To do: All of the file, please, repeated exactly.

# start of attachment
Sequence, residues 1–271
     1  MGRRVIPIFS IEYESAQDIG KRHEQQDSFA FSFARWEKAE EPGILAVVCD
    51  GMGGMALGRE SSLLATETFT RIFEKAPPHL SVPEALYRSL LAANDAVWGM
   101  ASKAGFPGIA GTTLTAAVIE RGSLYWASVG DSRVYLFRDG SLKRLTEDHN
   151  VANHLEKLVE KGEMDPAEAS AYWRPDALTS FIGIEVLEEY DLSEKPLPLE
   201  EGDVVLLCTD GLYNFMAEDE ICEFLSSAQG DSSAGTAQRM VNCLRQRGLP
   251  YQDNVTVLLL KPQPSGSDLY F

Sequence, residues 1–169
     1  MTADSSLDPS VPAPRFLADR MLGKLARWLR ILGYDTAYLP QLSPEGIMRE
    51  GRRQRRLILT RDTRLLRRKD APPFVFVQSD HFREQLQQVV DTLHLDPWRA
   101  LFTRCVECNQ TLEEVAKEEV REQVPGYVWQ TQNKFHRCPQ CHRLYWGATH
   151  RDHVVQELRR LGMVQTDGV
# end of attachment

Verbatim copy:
Sequence, residues 1–271
     1  MGRRVIPIFS IEYESAQDIG KRHEQQDSFA FSFARWEKAE EPGILAVVCD
    51  GMGGMALGRE SSLLATETFT RIFEKAPPHL SVPEALYRSL LAANDAVWGM
   101  ASKAGFPGIA GTTLTAAVIE RGSLYWASVG DSRVYLFRDG SLKRLTEDHN
   151  VANHLEKLVE KGEMDPAEAS AYWRPDALTS FIGIEVLEEY DLSEKPLPLE
   201  EGDVVLLCTD GLYNFMAEDE ICEFLSSAQG DSSAGTAQRM VNCLRQRGLP
   251  YQDNVTVLLL KPQPSGSDLY F

Sequence, residues 1–169
     1  MTADSSLDPS VPAPRFLADR MLGKLARWLR ILGYDTAYLP QLSPEGIMRE
    51  GRRQRRLILT RDTRLLRRKD APPFVFVQSD HFREQLQQVV DTLHLDPWRA
   101  LFTRCVECNQ TLEEVAKEEV REQVPGYVWQ TQNKFHRCPQ CHRLYWGATH
   151  RDHVVQELRR LGMVQTDGV